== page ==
Most exertional headaches are benign and aren’t due to serious pathology in the brain. However, a small percentage may be triggered by a more serious problem such as dilated blood vessel in the brain, called an aneurysm, structural abnormalities in the brain, or even a brain tumor. Sometimes, cerebral vascular disease due to blocked arteries that lead to the brain or even cardiovascular disease can cause an exertional headache.
Before becoming alarmed, this is not the cause of most exercise-induced headaches. Still, most physicians recommend getting an imaging study, like an MRI, if these headaches are new for you or if they’re getting worse or more frequent. Once you get a clean MRI of the brain, you can breathe a sigh of relief and know that you have common, exercise-induced headaches, a condition that scientists don’t completely understand but is unlikely to be dangerous.
Some red-flag signs that a headache may have a more serious cause include:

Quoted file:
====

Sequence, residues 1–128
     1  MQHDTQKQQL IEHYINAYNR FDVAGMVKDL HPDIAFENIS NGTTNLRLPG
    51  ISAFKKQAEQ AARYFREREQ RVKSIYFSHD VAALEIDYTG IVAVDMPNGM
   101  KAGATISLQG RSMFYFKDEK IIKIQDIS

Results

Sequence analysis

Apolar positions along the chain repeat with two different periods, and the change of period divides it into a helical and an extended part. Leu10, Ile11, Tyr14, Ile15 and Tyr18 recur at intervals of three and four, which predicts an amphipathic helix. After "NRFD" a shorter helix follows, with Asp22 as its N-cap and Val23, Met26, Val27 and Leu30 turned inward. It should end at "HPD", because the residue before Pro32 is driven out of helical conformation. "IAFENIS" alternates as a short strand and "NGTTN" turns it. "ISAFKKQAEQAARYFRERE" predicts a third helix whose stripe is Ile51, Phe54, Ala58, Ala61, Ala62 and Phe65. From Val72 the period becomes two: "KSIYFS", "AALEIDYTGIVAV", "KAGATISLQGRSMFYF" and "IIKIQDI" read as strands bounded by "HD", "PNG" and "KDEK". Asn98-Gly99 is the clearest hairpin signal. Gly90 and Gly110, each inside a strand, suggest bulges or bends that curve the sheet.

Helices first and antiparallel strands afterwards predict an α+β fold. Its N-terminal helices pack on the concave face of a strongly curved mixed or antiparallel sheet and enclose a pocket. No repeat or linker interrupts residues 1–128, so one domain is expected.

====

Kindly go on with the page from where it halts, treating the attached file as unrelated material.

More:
· A stiff neck
· Double vision or loss of vision
· Loss of consciousness
If you have any of these symptoms along with a headache, get medical attention right away.
Exertional headaches can come and go. You may have them for several months only to have them disappear and come back later. These headaches are more common after the age of 40 but can occur at any age.
What Type of Exercise Brings on Exertional Headache?
Exertional headaches are more frequent after high-intensity exercise. In contrast, low-intensity workouts, like yoga, are less likely to bring on head pain. Studies show the most common activities that bring on exertional head pain are long-distance running, aerobic exercise, and weightlifting.
According to one study, exertional headaches brought on by intense exercise, including weight training, go away faster than headaches triggered by long periods of moderate-intensity cardio. For example, running a long distance at a moderate-intensity could lead to a longer-lasting headache than brief, intense exercise.
How to Prevent Exercise-Induced Headaches